Ingenious stomach anatomy: why is the stomach so slanted?
The stomach begins just below the left nipple and ends under the right ribcage. Because it slants, fluids can flow straight past its short side into the small intestine, while food falls onto the large side of the stomach. It is here that the muscular stomach wall starts working like a kneading machine, mixing and breaking down the food. Termed «retropulsion», this process gives the entire digestive tract an extra push.
For this reason, the gurgling sound we hear after a meal shows that the digestive process has started and explains why we often have to go to the toilet straight after eating.
But the stomach doesn’t only perform mechanical work: acid in the stomach kills many pathogens and bacteria. At the same time, enzymes start to break down proteins and help prepare the food for the small intestine.
A full stomach doesn't equal satiety
The stomach is also the organ that sends the first signals to the body when it is full. To do this, it needs a certain volume of food. When the stomach wall stretches, sensors in the stomach wall transmit an initial feeling of satiety to the brain. If we eat a small piece of chocolate, we've consumed a lot of energy, but we still don't feel full. The opposite is true if we drink a lot: an expanded stomach gives us the feeling of being full. But this is only short-lived.
A rumbling stomach isn't the same as being hungry
A rumbling stomach occurs when the stomach muscles contract. It pushes air that we've swallowed into the small intestine. But this doesn’t automatically mean that we are hungry: the small intestine still has food pulp to digest and wants to clean itself before the next load of food arrives.
Full for several hours, says the intestine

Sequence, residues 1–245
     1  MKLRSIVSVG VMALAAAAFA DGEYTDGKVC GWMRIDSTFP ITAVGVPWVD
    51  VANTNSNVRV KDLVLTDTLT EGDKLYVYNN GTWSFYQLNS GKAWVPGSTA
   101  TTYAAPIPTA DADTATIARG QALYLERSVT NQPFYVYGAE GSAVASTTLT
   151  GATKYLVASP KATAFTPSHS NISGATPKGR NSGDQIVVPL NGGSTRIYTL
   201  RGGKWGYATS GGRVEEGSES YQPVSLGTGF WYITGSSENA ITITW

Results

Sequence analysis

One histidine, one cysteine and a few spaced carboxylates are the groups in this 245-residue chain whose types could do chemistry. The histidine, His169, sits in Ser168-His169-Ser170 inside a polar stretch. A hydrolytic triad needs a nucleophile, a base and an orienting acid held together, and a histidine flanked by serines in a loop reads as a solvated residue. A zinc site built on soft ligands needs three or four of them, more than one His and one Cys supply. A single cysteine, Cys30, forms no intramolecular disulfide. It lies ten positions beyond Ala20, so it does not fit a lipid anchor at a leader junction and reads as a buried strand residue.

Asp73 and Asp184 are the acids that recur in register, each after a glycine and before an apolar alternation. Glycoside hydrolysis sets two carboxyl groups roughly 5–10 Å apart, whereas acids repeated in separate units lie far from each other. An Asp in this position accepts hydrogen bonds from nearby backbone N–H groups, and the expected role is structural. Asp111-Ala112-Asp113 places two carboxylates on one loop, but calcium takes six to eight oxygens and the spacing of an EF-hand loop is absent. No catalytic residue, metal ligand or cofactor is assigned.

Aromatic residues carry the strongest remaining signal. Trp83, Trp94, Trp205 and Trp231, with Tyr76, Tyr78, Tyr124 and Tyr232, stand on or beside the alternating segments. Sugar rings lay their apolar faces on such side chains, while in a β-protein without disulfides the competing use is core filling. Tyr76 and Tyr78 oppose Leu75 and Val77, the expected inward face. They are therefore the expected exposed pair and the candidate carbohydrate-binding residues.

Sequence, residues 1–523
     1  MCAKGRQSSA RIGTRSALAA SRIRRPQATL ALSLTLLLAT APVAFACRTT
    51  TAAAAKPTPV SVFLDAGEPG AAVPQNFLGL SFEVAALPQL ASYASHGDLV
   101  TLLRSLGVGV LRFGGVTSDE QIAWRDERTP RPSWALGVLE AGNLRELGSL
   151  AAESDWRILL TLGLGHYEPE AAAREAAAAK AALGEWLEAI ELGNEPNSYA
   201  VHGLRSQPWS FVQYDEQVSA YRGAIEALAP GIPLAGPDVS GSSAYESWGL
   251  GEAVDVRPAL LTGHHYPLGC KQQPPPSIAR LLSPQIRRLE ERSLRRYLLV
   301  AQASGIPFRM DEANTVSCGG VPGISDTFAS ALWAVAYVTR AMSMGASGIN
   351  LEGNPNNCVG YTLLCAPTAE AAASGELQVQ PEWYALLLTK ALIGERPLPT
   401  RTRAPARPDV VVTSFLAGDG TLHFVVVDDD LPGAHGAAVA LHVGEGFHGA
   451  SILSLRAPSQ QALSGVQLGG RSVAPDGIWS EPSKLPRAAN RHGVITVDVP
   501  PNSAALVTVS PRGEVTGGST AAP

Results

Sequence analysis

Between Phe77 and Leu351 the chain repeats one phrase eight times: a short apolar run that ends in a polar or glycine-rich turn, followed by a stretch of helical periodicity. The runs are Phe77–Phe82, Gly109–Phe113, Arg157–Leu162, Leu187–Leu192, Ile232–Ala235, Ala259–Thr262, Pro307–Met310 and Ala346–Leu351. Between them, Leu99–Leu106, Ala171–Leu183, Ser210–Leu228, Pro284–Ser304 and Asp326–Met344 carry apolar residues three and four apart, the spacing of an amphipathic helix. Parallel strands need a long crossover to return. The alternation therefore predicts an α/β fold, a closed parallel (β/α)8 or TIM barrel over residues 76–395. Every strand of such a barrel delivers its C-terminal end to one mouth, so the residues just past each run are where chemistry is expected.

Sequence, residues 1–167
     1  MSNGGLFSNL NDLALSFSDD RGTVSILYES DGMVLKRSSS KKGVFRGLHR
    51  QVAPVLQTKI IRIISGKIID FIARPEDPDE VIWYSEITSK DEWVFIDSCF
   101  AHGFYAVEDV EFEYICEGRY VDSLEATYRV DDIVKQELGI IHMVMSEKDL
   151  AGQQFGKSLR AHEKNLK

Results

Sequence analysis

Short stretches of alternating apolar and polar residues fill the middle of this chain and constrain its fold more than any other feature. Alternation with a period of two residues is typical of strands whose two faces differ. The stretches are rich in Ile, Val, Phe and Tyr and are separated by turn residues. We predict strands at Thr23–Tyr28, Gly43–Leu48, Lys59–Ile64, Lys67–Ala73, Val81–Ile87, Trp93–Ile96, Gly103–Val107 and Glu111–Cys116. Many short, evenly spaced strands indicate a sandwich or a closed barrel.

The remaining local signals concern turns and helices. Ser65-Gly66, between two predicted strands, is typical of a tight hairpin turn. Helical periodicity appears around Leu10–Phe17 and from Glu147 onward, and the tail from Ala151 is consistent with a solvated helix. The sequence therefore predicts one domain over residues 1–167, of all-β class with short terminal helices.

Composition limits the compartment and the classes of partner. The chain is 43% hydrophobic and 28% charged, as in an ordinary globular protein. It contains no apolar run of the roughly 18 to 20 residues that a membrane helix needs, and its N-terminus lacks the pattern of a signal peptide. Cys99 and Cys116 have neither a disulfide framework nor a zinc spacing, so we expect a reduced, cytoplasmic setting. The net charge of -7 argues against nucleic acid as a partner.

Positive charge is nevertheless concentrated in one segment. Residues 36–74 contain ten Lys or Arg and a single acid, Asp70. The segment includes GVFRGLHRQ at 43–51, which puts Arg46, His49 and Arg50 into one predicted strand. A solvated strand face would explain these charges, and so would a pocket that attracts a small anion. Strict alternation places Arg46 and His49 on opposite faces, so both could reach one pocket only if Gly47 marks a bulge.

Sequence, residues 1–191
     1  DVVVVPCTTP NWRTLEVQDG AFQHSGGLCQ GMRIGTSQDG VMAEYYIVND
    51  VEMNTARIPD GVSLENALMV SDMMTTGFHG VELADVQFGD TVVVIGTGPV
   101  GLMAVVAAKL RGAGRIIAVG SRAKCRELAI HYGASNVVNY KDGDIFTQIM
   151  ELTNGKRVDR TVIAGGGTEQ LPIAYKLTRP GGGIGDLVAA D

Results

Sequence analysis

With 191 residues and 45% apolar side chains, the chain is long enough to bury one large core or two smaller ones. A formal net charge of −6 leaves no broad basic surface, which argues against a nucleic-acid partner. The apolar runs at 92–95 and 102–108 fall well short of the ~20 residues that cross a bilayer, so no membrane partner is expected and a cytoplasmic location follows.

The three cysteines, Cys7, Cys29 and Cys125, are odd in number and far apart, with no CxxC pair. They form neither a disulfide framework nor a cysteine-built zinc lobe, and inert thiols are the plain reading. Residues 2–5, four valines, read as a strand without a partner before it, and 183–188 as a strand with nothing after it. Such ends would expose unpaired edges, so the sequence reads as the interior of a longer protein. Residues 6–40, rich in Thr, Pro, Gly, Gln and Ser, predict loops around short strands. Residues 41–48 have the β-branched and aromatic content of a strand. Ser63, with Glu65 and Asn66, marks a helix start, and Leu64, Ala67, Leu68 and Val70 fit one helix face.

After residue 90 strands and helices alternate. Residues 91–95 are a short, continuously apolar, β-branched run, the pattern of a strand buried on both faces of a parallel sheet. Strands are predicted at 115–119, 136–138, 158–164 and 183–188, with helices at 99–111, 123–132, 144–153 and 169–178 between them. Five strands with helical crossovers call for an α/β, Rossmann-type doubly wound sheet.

It is the intestines that notice whether we have consumed enough. They produce hormones as soon as the digestion process starts. Cholecystokinin and glucagon -like peptide-1 together with pancreatic hormones give the body the signal of long-lasting satiety. But this process is far from the only thing that makes us feel satiated. Whether we're full or hungry depends on many other factors, such as eating habits and the size of the body's fat stores.
Drinking with food: yes or no?
It's a never-ending discussion: should we drink water with food or not? Opinions on the subject vary widely. Hollywood star nutritionist Kimberly Snyder recommends not drinking at all before a meal because she believes liquids dilute stomach acid and this slows down digestion. Others drink a litre of water before a meal in order to feel full faster and lose weight.
Does water at mealtimes dilute stomach acid?
There's actually no study that proves that water can dilute stomach acid and thus have any real influence on digestion. Only extreme amounts of water can have this effect. However, a certain amount of liquid with food, whether in the food itself or through a drink, boosts digestion and helps prevent constipation. The Ayurvedic diet sees the answer somewhere in the middle: drinking sips of (warm) water or herbal tea while eating aids digestion – but too much water beforehand hinders it.